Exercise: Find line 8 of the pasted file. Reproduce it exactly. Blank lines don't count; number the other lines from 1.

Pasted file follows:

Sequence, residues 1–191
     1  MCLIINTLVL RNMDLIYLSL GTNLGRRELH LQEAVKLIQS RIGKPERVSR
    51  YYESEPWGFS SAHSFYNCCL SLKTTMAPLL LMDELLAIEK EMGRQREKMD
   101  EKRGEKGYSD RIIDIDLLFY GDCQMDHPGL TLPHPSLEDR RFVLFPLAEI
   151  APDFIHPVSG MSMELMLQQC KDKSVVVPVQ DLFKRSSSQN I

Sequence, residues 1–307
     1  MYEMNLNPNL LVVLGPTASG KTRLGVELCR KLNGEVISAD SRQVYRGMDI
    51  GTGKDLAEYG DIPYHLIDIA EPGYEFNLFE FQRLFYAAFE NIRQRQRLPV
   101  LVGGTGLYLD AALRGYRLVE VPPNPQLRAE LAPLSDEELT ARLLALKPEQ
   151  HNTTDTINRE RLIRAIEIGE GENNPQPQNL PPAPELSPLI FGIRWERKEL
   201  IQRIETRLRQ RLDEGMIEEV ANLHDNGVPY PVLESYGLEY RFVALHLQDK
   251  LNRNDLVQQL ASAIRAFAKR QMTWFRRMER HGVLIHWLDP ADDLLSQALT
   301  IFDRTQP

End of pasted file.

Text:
    51  GTGKDLAEYG DIPYHLIDIA EPGYEFNLFE FQRLFYAAFE NIRQRQRLPV